Wrath like the rest of the series is written in the style of multiple point of view characters. Each chapter is short and to the point moving the story forwards as Gwynne keeps flitting between his main cast of character’s propelling the book along at a fast pace, keeping you both abreast of what’s happening and in the heart of the action. Some chapters are only a couple of pages long before we swap back to another character and a different PoV. While it’s always nice to spend an extended amount of time with your favourite characters, the opposite also occurs and you often lament the chapter length when your stuck reading about your least favourite story arc and character. With Gwynne’s short chapters this doesn’t happen and works really well as you’re never more than a few pages away from a different PoV and as such you find the pages flying by.
Gwynne’s writing is top quality, fast-paced, descriptive and with an eye for detail incorporating both moments that will make you smile and poignant passages and moments found within Wrath that will make you reflect on the losses that the characters have endured.
The Banished Lands have always felt like a fully realised creation in Gwynne’s deft hands, full of various different creatures, giant clans, regions, scenery and people’s. Filled with history and lore and blended with a Celtic infused feel, it’s a world that as Gwynne describes it you can really picture it in your mind as you read about it.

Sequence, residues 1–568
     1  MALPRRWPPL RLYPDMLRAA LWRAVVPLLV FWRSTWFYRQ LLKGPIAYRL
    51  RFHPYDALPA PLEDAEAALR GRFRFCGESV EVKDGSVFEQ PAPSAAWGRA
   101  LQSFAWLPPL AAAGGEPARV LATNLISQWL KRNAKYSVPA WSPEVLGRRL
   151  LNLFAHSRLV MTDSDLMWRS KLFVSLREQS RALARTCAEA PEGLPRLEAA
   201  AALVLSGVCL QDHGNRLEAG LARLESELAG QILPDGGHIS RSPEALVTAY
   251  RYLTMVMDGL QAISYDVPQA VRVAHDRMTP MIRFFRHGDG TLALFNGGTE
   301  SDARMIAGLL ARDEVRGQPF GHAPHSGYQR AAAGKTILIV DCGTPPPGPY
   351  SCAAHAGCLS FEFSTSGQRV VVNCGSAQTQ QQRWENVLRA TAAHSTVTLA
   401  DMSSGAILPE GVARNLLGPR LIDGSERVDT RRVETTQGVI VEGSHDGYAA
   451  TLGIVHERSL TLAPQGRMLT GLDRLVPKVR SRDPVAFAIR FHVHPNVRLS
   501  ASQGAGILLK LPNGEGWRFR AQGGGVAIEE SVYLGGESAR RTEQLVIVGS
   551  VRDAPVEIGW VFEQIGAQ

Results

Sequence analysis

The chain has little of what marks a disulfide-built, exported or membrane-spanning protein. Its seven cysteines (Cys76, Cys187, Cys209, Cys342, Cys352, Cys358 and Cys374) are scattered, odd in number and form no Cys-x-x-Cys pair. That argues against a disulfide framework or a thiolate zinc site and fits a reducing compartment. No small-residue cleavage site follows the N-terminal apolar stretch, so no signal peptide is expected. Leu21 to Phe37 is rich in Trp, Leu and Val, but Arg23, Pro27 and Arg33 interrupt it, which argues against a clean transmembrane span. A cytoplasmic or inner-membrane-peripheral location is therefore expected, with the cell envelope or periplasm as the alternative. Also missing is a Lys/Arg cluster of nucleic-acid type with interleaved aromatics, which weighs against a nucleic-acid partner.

I’m a big fan of becoming attached to the characters I’m reading about and seeing them grow and develop throughout the course of the series. I want to cheer for the good guys and hate the bad guys, caring about the fates of the people I’m reading about. Willing the hero to survive and hoping that the bad guys get what’s coming to them. I don’t want to feel ambivalent about the people on the pages, questioning to myself do I or don’t I care about the outcome, I want to feel that pull that draws me back to the story just to see what happens next.
Gwynne gives you that with his myriad cast of characters bringing them to life with various personalities and reasons for why they are who they are.
As Wrath, well, Wrath is my book of the year, it is the perfect storm, poignant, emotional, humorous, perfectly paced and a gripping climax to what has been an epic battle of good vs evil. Gwynne takes you through a range of emotions as you find yourself feeling sad, happy, laughing and even shedding a manly tear along the way towards that final page. A masterpiece in modern fantasy and a breathtaking finale to what is my all-time favourite fantasy series.
And, with its conclusion, I can say that in my humble opinion John Gwynne’s The Faithful and the Fallen fully deserves to be read by all fantasy fans, standing alongside other finished fantasy series as an outstanding achievement in the genre and recognised as a modern classic.